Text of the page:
From our good friend, David Wolowitz at McClane Middleton. While aimed primarily at independent schools, there are some good nuggets here for public schools.
Independent schools planning to have students return to school before there is a vaccine for the COVID-19 virus are understandably concerned about potential liability if a returning student becomes severely ill after contracting the virus at school. In many states, existing laws provide some form of limitation of liability for public schools, but not for private schools. In response to the pandemic, some state legislatures are enacting safe harbor legislation to protect private businesses that reopen during the pandemic from liability. However, not all states have passed such legislation and even those that have require businesses to follow specific guidelines to gain protection from liability.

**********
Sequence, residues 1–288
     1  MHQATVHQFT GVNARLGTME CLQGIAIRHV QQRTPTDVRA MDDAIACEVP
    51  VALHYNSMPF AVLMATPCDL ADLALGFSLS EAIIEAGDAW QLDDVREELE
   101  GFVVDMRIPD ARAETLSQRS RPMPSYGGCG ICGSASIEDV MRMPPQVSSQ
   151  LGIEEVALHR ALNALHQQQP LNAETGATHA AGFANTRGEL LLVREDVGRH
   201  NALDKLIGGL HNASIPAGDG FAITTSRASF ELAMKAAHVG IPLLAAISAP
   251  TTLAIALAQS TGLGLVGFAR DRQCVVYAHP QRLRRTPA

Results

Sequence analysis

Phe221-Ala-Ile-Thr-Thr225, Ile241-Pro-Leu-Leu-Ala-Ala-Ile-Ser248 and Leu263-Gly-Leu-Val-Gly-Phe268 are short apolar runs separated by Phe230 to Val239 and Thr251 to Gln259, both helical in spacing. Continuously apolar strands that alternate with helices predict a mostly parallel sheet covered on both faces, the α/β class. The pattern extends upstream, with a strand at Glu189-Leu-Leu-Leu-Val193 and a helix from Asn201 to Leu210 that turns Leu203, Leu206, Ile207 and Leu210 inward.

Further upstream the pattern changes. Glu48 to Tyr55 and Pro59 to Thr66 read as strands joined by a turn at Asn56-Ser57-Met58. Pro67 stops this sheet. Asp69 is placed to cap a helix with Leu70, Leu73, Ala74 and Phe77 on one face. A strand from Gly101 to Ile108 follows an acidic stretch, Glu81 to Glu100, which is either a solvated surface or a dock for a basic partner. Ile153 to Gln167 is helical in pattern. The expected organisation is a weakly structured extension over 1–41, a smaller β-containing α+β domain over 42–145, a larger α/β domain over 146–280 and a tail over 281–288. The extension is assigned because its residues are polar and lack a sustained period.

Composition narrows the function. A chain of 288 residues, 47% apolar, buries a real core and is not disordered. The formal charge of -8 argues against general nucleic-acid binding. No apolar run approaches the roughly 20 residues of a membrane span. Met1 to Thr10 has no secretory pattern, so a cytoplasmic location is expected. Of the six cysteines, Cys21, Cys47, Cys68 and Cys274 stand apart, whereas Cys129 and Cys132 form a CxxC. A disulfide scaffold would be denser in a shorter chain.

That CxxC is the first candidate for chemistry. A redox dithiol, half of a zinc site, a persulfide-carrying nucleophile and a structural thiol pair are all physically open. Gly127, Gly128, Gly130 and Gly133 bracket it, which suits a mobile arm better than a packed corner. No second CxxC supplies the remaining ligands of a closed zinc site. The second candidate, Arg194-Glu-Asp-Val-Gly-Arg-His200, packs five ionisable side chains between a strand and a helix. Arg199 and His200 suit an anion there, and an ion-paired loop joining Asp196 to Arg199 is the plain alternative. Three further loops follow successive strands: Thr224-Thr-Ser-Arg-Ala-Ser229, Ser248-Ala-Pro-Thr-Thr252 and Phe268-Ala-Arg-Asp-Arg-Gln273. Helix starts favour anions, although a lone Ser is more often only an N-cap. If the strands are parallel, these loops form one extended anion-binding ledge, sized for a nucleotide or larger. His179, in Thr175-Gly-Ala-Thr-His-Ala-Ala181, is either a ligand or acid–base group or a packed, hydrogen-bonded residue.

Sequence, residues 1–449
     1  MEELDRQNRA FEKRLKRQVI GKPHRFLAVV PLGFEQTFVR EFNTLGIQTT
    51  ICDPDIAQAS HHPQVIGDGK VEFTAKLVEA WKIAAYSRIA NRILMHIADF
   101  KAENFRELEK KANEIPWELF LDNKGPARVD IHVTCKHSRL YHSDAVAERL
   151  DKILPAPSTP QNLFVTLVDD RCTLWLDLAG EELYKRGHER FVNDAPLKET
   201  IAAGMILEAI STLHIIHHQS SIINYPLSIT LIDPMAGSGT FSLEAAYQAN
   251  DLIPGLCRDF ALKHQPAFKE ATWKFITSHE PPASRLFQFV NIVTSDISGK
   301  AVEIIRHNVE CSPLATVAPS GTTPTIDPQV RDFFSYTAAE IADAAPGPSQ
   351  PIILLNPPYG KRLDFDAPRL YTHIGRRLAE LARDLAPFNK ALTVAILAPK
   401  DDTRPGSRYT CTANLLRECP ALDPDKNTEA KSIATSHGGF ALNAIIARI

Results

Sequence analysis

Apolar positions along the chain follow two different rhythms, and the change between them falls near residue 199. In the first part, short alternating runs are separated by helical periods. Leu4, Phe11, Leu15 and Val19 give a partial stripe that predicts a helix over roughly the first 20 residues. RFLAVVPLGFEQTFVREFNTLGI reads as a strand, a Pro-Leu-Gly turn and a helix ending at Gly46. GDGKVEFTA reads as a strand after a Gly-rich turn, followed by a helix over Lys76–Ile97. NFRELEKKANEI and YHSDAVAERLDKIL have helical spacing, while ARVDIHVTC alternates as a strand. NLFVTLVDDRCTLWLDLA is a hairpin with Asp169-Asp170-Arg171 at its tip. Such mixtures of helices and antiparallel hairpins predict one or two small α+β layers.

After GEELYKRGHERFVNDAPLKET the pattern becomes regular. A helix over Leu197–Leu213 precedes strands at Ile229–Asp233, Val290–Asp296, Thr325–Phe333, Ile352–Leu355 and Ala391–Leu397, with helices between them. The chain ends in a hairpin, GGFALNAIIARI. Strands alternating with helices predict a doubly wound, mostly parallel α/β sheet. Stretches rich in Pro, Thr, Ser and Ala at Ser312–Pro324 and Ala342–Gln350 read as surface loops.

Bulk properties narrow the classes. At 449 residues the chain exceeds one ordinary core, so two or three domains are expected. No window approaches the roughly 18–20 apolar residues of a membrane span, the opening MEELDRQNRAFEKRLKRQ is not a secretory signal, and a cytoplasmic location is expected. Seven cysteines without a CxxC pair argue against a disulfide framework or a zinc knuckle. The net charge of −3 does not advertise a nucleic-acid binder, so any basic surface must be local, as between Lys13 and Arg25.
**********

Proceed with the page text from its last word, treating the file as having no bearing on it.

Some independent schools are considering requiring parents to release the school from liability as a condition of enrollment. This option presents a number of issues that may make it unacceptable for many schools. First, requiring a release from liability may send the message that the school is not doing all it can to keep their child safe, thereby discouraging parents from sending their child back to school just when independent schools are concerned about declining enrollment due to the financial crisis. Second, requiring a release for reenrollment would, in effect, be an alteration to the enrollment agreement. For one party to change a material term of an existing contract, the other party must provide something of value in return. It is not clear what a school would offer in these circumstances. Third, if a school did offer a revised enrollment agreement with a release provision and a parent was unwilling to sign it, the school would likely not be able to enforce the previous agreement and would not be able to collect or retain tuition payments.
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